The participants started by generally introducing themselves to one another and were immediately challenged to dig deeper to communicate the aspects that define their sense of identity and did not come easy at first. As time progressed, the conversation continuously transitioned from an introspective to an outward-looking tone. Their answers to ‘What comes first?’ became more transparent and more unique daily as they discussed, exchanged, and reflected collectively and individually.
They experienced intense moments of questioning where they shared their art, traumas, and biggest aspirations. In the end, they had the opportunity to present their notebooks to their peers in an intimate setting before the broader event. Since the workshop took place during a Smithonian-led initiative, they also had the opportunity to directly exchange with members of the institution, such as Ngaire Blankenberg, the Director of the Smithsonian’s National Museum of African Art, and sharpen their understanding of the following events. Moreover, iconic South African photographer and AtWork Faculty member Andrew Tshabangu, was also present during the experience in preparation for his upcoming AtWork experience in Soweto.
To invite the general public to the discussion, we held a public talk on September 2nd at Constitution Hill. They had the opportunity to listen to an insightful conversation between Moleskine Foundation’s CEO Adama Sanneh and Simon Njami, moderated by writer and lawyer Lwando Xhaso. The talk further demonstrated how the intellectual and emotional tools that the participants received during the workshop are crucial to help them deal with their racial past and complex everyday reality. This moment was a solid representation of AtWork’s purpose: to liberate and unlock parts of our minds through debate, critique, and exchange.
Rory Tsapayi, Kutlwano Monyai, Victoria Kgongoana, Nobuhle Mavundla, Tlhalefi Maditsi, and Masindi Ikhona Nafisa Mbolekwa, the curatorial statement of AtWork Catalogue.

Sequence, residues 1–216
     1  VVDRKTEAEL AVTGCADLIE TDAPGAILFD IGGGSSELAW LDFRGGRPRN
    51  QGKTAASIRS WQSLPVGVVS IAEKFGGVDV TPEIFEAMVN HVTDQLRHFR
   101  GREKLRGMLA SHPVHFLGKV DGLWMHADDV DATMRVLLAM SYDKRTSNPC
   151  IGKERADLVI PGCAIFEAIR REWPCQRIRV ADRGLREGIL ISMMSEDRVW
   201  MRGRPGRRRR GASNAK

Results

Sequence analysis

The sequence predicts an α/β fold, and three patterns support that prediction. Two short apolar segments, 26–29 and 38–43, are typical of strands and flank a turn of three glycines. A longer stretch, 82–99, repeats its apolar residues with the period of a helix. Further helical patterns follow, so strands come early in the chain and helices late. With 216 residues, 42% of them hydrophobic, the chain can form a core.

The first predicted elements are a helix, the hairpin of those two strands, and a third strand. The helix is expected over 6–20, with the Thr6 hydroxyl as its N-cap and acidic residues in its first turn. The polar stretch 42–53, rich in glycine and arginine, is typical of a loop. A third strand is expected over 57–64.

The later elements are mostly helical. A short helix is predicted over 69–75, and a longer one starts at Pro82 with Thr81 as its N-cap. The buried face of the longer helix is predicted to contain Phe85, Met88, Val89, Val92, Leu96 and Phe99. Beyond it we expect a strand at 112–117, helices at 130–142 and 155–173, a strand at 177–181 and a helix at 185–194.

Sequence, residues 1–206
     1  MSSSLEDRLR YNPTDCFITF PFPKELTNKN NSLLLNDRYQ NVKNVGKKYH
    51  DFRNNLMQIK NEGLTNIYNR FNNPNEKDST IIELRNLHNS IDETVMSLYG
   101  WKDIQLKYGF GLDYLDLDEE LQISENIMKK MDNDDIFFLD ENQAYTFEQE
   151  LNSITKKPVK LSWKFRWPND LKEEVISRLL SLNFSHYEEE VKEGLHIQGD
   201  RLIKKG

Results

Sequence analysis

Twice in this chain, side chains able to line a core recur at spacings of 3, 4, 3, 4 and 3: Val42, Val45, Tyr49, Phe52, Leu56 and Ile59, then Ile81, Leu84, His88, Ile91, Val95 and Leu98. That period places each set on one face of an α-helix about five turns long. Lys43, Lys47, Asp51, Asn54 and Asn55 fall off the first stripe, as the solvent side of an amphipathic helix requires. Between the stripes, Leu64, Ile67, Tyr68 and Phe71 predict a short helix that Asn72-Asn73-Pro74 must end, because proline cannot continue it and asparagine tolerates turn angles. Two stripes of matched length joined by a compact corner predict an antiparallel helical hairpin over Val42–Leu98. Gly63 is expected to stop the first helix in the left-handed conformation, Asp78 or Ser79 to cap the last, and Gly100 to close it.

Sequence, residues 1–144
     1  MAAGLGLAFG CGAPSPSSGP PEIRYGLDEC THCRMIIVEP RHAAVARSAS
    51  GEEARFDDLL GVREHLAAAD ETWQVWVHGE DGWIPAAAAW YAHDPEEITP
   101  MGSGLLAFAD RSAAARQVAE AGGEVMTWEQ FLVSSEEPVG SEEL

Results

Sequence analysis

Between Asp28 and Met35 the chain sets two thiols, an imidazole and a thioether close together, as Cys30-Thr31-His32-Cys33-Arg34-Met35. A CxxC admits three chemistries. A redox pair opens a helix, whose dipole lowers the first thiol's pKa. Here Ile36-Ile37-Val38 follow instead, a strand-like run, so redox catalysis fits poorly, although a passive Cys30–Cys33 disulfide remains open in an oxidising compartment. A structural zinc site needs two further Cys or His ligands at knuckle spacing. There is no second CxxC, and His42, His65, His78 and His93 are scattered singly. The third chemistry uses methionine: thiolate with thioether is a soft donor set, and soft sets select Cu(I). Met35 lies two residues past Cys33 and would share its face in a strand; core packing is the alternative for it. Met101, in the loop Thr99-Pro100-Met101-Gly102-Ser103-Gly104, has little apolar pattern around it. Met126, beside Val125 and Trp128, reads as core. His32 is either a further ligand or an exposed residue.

The 24 creations from AtWork Johannesburg entered a wider project entitled ‘The Demonstration’, a 10-day experience presented by the National Museum of African Art, curated by Siwa Mgoboza.
The experiences focused on the theme of ‘Our Shared Future: Reckoning with Our Racial Past’ as part of the Smithsonian’s institutional effort to explicitly address systemic racism and racial inequality through the lens of art and creativity.
It was a great opportunity for the participants to be a part of this wider initiative and to share a part of their experience with their family and close friends. The notebooks were exhibited in the Old Fort of Constitution Hill on September 2nd and will remain on display until October 30th.
The catalogue, created by the participants in 48 hours, features their works and associated descriptions.
Masindi Ikhona Nafisa Mbolekwa
Kwanele Godfrey Ngwenya
Llewellyn van Wyk
Partners : Constitution Hill, Smithsonian National Museum of African Art
With the support of : Krone, Devil’s Peak, Nandos
Project Coordinators Constitution Hill : Londi Modiko, Lesole Tauatswala
Production Manager : Refiloe Musandiwa
Photo and video shooting : Luca Dimoon, Sipho Nkosi
Observer : Lwando Xaso